DEARBORN, MI – When designing inexpensive cars for the fast-growing Indian and Chinese automotive markets, certain words are verboten at Visteon.

Once the auto suppler decided to “dive” into those markets a few years ago, “the first thing we did was ban the term ‘low cost,’” says Tim Yerdon, Visteon’s global director-innovation and design. Staffers caught uttering those words “had to put money in a jar.”

Yet, Visteon has become a player in developing low-cost vehicles for emerging auto markets with a lot of potential. It is part of an overall automotive trend in which “cheap” no longer is synonymous with small cars, even basic ones.

“You can’t exclude certain technologies,” Yerdon says of today’s small vehicles, no matter how down-market they are.

Visteon supplies interior components for a Maruti Suzuki demonstration vehicle proposed for India. While the subcompact is plain by U.S. standards, its features include connectivity, convertible storage space, accentuated trims and a 12V rear fan to circulate air in the backseat area. Those are strikingly upmarket amenities for the Indian market, which has skewed toward rudimentary micro-cars and motorbikes.

To Yerdon, “It is a matter of making quality tangible and deploying the right technologies” in a simple yet innovative car for a developing country of 1.2 billion people, many of whom now earn or will soon earn enough money to buy first cars.

Auto production would explode if the Chinese and Indian markets reach North American, Japanese and European car ownership levels. The number of cars per 1,000 people is 458 in the U.S., 490 in Japan and 499 in Germany but only 16 in India and 42 in China.

“If India and China went up to 100 cars per 1,000, then incremental vehicle sales would be 126 million,” Yerdon says here at the Ward’s Auto Interior Conference here. “If those countries increased to 500 cars per 1,000 people, incremental auto production would be 630 million.”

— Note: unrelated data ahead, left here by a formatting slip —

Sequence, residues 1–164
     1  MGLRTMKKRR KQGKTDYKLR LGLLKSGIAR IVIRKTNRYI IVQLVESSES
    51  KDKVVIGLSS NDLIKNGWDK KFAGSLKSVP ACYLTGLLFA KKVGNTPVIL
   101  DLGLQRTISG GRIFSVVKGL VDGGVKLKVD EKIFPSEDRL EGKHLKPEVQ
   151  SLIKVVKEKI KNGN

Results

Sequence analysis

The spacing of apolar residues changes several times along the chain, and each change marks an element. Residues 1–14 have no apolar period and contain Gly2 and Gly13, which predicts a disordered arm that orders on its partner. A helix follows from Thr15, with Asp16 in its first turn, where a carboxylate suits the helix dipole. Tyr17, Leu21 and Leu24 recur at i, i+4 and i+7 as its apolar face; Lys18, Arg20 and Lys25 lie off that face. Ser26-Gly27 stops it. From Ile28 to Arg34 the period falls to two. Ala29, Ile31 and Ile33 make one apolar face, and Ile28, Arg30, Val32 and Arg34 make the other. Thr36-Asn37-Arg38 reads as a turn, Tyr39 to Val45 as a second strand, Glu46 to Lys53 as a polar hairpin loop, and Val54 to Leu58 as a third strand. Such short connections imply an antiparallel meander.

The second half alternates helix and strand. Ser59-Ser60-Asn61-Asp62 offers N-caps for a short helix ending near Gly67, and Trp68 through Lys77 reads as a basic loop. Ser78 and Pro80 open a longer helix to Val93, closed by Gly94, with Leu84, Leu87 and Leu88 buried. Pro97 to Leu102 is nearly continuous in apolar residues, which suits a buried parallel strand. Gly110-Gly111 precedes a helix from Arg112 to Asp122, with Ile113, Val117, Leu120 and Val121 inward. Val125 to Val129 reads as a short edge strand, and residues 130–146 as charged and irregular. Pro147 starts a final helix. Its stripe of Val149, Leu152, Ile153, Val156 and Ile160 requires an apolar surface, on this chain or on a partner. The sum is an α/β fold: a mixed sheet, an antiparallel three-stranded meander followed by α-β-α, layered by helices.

Eying those numbers, Visteon opted “to attack these growth opportunities,” Yerdon says at a conference session entitled “Less is More: The New Small-Car Interior.”

Thinner, lighter seats are part of the small-car trend, says Amit Kulkarni, innovation manager for French auto supplier Faurecia.

New composite seats his firm developed are “sympathetic to the human form,” he says. “You sit on it, not in it. We’ve taken the off-set of the human back and designed the seat for that.”

The seats with a plastic composite backrests and edgings are 1-in. (2.2 cm) thinner and 17% lighter than conventional car seats with a steel-back frame.

“So this new seat is thinner, lighter and cheaper?” asks panel moderator Pat Murray, owner of Murray Design.

“I didn’t say cheaper,” Kulkarni responds. He goes on to say the seats benefit consumers by freeing up more interior space and weighing less, “saving on petrol.”

Scott Strong, Ford’s global director-interior design, touts the new Fiesta B-car as a small car that is “full of content you would expect in a luxury car.” He bought one for his wife, liked it so much himself that he ended up “stealing it from her.”

In describing the roots of the less-is-more movement seen in today’s auto industry, Strong quotes Leonardo DiVinci, cites minimalist architect Ludwig Mies von der Rohe and reads a passage from 19th-century poet Robert Browning.

Browning apparently coined “less is more” in a poem referring to a female model’s state of dress, Strong says.